Kevin Keegan managed Manchester City for four years, including one fantastic campaign in in 2001-2, when they were promoted to the Premier League. Those years take up two chapters in this autobiography.
I started with the City years because I wanted to know why things had got so bad at the club in the 90s and noughties, and how Keegan had managed to turn things around. He said the drinking culture was the key, and he sold one of the club’s most skilful players, Mark Kennedy, to send a message to the team about the booze.
I remember taking my son to watch City train in the late 90s. Michael Brown wagged his hand as he was leaving the ground in what looked like an offer to share a pint with another player. Then Brown stepped into his Mercedes Coupé and drove off. He was a good player but I think he underachieved in his career, and wonder whether the drinking culture was the reason.
That same day a muscular young Shaun Wright-Phillips ambled back from the pitches about an hour after the rest. He was tiny and looked like a school boy with freakishly large calf muscles. I guess he must have been nearly 19 at the time. Maybe that extra training was why he went on to play for England, and was sold to Chelsea for £21 million, whilst Brown moved to Sheffield United for just £400,000.
Keegan describes the troubles he had over alcohol with several players, including Richard Donne, who needed professional help, but triumphed and went on to win player of the season on several occasions. Keegan bumped into Steve Howey, Jeff Whitley and others at a bar in Hale in his early days at the club, and describes his anger at their unprofessional behaviour and attitude.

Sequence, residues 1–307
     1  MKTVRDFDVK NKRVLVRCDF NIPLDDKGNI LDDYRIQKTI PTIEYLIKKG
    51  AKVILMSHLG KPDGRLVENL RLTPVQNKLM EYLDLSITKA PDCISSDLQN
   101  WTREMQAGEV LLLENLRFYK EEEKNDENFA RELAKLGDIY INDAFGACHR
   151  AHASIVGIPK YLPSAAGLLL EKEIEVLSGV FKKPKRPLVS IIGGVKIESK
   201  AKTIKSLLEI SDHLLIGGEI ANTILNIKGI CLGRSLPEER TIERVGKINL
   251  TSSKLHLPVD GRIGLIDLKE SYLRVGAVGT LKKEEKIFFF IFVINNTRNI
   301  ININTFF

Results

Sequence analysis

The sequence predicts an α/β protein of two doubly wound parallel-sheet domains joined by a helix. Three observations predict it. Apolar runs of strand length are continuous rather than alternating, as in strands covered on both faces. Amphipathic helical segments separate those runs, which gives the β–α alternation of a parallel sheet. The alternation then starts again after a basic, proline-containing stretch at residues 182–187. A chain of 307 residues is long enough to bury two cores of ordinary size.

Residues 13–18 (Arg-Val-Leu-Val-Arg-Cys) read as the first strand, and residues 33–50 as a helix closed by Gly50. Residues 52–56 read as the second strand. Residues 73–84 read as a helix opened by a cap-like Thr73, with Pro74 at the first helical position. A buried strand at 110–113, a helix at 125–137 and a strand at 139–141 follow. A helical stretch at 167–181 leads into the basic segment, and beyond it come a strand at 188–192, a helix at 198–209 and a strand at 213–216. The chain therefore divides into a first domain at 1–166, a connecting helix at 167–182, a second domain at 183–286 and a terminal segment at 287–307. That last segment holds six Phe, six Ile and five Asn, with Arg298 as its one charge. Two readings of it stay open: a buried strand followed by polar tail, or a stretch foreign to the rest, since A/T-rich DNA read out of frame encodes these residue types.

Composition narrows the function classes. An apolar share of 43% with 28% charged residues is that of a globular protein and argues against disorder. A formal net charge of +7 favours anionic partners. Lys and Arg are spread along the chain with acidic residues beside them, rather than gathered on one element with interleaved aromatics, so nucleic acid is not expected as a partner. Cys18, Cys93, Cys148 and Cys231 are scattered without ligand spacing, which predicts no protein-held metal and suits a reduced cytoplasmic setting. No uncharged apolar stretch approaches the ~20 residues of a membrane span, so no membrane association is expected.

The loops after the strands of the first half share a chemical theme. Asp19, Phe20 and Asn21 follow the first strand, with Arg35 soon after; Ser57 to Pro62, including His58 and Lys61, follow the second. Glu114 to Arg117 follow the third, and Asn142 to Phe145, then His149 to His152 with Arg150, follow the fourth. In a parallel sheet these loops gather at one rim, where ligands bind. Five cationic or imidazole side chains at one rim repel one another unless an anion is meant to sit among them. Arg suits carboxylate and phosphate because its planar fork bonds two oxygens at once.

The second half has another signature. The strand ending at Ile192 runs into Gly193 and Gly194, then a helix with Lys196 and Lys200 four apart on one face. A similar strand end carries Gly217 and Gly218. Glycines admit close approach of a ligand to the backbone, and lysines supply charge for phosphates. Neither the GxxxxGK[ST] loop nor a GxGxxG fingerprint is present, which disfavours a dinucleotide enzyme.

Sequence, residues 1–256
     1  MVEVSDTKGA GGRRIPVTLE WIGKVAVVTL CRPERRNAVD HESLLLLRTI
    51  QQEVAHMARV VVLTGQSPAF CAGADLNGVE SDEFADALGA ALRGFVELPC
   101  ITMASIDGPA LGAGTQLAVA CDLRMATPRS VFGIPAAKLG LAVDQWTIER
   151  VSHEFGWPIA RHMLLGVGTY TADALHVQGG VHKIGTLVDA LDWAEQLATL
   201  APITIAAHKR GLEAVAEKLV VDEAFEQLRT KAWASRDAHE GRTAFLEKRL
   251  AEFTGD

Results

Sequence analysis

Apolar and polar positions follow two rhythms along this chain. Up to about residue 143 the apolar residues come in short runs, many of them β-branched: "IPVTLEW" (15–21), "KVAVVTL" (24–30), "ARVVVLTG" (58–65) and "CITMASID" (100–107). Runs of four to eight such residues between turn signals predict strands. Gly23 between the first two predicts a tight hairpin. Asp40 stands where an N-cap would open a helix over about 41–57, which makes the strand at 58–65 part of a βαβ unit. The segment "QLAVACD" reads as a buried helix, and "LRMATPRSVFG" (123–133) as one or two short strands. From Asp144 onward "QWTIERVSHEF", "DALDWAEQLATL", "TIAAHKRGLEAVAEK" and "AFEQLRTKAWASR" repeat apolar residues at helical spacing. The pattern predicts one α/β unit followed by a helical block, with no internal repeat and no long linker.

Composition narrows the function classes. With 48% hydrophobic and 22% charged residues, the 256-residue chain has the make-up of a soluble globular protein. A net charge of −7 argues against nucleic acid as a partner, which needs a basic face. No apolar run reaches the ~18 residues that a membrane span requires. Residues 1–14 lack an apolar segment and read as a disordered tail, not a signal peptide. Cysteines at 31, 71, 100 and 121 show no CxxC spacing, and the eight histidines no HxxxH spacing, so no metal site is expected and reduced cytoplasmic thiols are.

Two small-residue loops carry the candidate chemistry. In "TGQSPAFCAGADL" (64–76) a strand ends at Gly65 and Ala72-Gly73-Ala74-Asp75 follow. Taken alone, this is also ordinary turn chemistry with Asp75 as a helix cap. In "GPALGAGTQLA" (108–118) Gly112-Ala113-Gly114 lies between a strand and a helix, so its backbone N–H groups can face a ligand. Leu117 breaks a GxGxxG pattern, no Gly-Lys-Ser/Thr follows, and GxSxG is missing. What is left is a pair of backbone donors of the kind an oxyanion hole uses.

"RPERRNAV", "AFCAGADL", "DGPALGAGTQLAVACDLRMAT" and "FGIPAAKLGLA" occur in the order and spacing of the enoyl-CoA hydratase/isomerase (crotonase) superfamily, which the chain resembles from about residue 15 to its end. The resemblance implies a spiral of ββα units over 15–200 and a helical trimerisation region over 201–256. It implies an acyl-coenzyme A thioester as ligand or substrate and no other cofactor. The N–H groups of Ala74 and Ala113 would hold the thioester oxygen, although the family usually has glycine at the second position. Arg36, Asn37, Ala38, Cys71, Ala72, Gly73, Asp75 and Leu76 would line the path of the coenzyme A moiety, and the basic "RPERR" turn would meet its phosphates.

He mentions Nicky Weaver too, and I wondered about Michael Johnson, a brilliant revelation in the few games he played with us, who found the pressure too much and gave up football completely. A sad loss.
Joey Barton was another who Keegan came across in this vein, and it was interesting to hear about his later encounters with Joey when Keegan was managing Newcastle United, and Barton was imprisoned for assault. Joey was a youth team player for City who achieved a lot but there were a series of incidents involving violence, and seemingly fuelled by drink.
I used to enjoy following the fortunes of City’s youth team before the advent of the Gulf money. In those years before the cash arrived you could have made a strong team of former academy graduates, and it was always interesting to see how they progressed, and sad to see their occasional demise. Below I’ve listed some from the pre-Gulf years, with the teams they represented.
One of the key characters in the promotion year, 2001-2002, when City scored a record 108 goals, was Ali Benarbia. He was a genius with a football, and a joy to watch. At the time it was tempting to put the discovery of Benarbia down to Keegan’s knowledge and expertise, but apparently it was a fluke and Keegan is honest enough to admit this. In fact honesty is the key to his character, and to this book. There are few holds barred.
In the end Keegan left City because he disagreed with the approach taken by David Bernstein, and later with directors Ward and Makin, who were all quite conservative in their approach to the transfer market. This rings true. There were a few frustrating years when the club stumbled along with a mixed bag of players. But with Leeds United £100 million in debt in 2004, and Portsmouth going bankrupt, it was sensible. Maybe financial prudence helped tip the balance when first Thaksin and then Abu Dhabi invested in the club.
For me the most interesting sections of this book apart from City concerned Keegan’s time in charge of England, and the controversial period when he returned to manage Newcastle United a second time. And of course the Ferguson rant.